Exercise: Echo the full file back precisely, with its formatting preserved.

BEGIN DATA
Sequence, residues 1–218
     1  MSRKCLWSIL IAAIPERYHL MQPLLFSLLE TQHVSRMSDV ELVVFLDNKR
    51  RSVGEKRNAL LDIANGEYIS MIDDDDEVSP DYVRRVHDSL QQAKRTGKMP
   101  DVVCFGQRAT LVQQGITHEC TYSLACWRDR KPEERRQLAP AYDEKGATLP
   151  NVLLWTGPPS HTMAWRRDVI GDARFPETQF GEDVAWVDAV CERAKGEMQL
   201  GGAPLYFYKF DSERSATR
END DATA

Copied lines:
Sequence, residues 1–218
     1  MSRKCLWSIL IAAIPERYHL MQPLLFSLLE TQHVSRMSDV ELVVFLDNKR
    51  RSVGEKRNAL LDIANGEYIS MIDDDDEVSP DYVRRVHDSL QQAKRTGKMP
   101  DVVCFGQRAT LVQQGITHEC TYSLACWRDR KPEERRQLAP AYDEKGATLP
   151  NVLLWTGPPS HTMAWRRDVI GDARFPETQF GEDVAWVDAV CERAKGEMQL
   201  GGAPLYFYKF DSERSATR